Lewis Hamilton is ready personally to negotiate a new contract at Mercedes once this year’s world championship is over, as he prepares for life after Formula One following his split with Simon Fuller’s XIX Management.
Hamilton’s contract with XIX expired a month ago after a four-year relationship during which he made a £20million-a-year move to Mercedes. It has also delivered a winning car and the very strong possibility of a second drivers’ title this year.
Fresh from his victory in the United States Grand Prix, extending his lead over team-mate Nico Rosberg to 24 points, Hamilton indicated he would be the driving force behind any new deal, with his contract due to expire at the end of next year.
“I’m quite comfortable doing it myself,” he said last night. “Nico [Rosberg] did his himself, Sebastian [Vettel] did his himself, and there’s no reason I couldn’t do it myself. Whether or not I will, I haven’t decided myself. I hope to see a long future with this team. Nothing needs to be changed too much.”
Hamilton, 29, has long spoken of his interest in following girlfriend Nicole Scherzinger into the music industry once he retires from racing, or even setting up his own record label. Those close to him suggest the move is also part of an attempt to prepare himself for major charitable projects after Formula One. In 2008, the Briton set up a foundation with the help of his father, Anthony, who is not in line for a return to Hamilton’s management. It has not proved a success. It received nearly £180,000 in 2009 but has been wound down and recorded no income last year.
Representatives at XIX have since produced analysis for Hamilton on Oprah Winfrey and Madonna’s charitable work, with a view to doing something similar. While there is nothing definite in Hamilton’s mind at this stage, it is thought he would like to build something — a school, or a hospital — in an impoverished part of the world. He has worked for Unicef and Save the Children as an ambassador and is serious about pursuing humanitarian work after F1.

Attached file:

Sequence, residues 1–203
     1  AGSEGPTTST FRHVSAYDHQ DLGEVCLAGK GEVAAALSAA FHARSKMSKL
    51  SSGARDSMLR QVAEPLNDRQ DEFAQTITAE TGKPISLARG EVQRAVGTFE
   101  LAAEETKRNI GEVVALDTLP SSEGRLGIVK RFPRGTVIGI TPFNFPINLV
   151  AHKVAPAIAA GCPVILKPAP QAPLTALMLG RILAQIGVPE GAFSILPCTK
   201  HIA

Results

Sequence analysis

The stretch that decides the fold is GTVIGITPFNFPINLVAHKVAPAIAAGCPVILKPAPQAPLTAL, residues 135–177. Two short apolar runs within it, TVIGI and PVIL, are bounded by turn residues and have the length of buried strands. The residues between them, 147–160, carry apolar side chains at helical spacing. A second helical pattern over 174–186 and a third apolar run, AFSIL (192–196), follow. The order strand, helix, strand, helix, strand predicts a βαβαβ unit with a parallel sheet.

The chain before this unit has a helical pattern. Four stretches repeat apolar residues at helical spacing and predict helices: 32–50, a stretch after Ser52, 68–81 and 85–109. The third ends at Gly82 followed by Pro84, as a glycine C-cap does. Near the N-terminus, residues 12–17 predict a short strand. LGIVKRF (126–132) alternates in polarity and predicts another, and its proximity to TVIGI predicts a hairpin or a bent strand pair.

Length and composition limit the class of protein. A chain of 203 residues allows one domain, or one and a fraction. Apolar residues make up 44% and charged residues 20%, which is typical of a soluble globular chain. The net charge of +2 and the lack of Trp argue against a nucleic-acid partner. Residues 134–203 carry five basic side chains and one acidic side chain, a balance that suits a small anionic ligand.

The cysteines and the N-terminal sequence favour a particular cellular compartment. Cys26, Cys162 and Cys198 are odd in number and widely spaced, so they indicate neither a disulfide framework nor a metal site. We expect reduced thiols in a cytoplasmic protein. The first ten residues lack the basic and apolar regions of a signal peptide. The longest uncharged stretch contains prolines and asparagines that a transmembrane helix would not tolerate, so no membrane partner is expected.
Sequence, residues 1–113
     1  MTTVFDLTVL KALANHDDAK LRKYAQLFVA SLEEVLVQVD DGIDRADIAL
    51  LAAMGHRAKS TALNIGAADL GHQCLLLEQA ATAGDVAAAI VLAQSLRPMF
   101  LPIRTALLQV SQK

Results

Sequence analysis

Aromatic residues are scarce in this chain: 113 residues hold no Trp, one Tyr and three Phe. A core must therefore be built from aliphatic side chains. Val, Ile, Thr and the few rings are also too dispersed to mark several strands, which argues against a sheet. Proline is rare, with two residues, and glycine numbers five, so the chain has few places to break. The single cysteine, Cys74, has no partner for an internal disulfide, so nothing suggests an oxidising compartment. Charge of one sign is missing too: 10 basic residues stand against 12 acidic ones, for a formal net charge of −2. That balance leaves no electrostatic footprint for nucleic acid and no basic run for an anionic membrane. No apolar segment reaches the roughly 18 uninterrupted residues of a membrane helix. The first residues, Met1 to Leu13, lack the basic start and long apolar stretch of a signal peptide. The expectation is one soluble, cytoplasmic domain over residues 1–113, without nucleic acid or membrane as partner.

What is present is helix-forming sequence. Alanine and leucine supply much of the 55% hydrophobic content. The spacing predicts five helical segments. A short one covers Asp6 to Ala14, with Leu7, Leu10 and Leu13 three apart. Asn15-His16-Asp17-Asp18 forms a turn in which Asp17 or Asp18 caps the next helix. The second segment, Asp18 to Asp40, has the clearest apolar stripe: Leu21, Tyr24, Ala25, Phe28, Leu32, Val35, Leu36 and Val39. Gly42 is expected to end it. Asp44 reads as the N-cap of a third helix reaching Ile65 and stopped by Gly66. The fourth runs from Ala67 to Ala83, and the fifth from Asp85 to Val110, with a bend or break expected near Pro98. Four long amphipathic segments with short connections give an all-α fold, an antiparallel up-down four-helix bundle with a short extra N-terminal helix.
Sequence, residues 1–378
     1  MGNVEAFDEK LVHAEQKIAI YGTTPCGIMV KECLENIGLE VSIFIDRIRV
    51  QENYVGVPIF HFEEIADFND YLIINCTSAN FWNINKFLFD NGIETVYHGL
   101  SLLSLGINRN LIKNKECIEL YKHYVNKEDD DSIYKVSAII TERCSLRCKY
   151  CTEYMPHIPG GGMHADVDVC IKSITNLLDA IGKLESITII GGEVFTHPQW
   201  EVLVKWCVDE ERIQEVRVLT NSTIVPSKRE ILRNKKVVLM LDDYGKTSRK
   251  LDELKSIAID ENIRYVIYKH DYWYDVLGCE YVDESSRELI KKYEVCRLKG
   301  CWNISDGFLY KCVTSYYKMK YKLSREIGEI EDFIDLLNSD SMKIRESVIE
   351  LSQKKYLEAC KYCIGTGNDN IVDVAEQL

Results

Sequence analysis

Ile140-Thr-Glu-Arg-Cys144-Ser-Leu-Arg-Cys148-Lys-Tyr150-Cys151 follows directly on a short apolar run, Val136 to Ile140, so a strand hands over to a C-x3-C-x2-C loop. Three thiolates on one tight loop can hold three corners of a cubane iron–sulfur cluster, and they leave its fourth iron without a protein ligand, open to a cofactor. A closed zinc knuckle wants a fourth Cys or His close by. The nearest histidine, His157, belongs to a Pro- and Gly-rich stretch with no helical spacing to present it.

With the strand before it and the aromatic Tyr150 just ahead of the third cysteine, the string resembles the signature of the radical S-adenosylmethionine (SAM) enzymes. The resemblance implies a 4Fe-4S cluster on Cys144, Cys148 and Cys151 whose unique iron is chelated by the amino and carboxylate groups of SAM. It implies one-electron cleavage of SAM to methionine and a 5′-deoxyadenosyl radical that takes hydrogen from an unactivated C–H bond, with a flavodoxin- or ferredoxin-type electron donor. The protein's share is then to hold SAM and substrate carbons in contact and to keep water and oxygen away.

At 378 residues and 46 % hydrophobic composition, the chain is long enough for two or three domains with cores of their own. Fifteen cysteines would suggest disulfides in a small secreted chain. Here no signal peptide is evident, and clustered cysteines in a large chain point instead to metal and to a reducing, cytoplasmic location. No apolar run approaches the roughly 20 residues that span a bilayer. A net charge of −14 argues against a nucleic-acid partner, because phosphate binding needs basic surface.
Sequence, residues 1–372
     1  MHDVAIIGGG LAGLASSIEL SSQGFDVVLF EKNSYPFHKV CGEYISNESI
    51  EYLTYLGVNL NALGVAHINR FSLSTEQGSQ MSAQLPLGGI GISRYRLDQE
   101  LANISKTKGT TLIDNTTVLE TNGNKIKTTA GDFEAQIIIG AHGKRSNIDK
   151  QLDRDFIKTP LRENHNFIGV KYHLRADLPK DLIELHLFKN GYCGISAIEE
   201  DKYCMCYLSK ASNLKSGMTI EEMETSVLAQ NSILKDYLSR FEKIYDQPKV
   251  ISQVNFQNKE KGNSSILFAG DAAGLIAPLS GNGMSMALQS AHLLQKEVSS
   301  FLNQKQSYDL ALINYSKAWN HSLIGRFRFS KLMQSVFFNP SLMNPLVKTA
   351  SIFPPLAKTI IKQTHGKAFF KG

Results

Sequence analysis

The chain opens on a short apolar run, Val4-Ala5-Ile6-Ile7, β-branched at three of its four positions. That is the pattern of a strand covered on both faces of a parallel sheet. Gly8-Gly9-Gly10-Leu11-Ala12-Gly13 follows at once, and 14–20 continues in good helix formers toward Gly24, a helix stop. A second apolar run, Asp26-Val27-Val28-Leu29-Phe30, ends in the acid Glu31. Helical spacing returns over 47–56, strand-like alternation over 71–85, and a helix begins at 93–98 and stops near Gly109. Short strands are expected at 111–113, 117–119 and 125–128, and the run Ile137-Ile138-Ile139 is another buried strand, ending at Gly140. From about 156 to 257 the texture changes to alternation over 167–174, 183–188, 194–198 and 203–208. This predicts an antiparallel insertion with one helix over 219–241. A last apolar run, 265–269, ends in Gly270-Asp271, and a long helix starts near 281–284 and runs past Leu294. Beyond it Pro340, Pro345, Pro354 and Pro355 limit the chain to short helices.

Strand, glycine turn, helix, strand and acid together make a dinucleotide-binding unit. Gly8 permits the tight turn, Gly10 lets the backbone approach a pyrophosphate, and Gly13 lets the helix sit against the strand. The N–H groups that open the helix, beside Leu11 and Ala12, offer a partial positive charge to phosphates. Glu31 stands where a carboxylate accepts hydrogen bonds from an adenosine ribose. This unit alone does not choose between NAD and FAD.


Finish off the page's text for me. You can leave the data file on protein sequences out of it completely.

Hamilton said: “A lot of drivers come back after F1 and do commentary, but I have different plans and aspirations. So, it’s about positioning myself so that when I stop I have something to continue on with. At some stage, when I retire, I’ll have something that I’m also really interested in that is a substitute for racing. So that’s something I want to start working towards.”
Hamilton made clear last night he did not see a pressing need to hire a new management team. He now travels with his trainer, while his father has been to a few races. The split with XIX remains amicable enough, with several staff at Fuller’s agency still doing work for Hamilton. The 29-year-old said in Austin that Fuller remained a “dear friend” and people at XIX are optimistic that Hamilton will re-sign with in a few years.
Relationships are less harmonious at the back of the grid. Anger remains at the demise of the two smallest teams — Marussia and Caterham — but there is hope that CVC Capital Partners, the sport’s owners, will offer a “base payment” so that the small teams can survive. The unlikely threat of a boycott, most seriously considered by Force India, was averted by the hope of an acceptable deal from Bernie Ecclestone and CVC, expected by Friday at the earliest.
The biggest teams have ruled out handing any of their prize money to the smallest squads, so a top-up payment from CVC seems the only solution. The private equity firm stepped in after the weekend in Texas proved a PR disaster for Formula One.
Gérard Lopez, the Lotus team principal, said: “I know CVC and Bernie have been looking at this but it’s going to be a base payment that is given to the smaller teams, let’s call them the racers, which is going to make it possible for a normal budget to be pretty much close every year.”
Ferrari received more than £100million in prize money last year while Marussia were handed £6million. Representatives of Marussia were in Austin working on a rescue deal.
–Daniel Johnson in Austin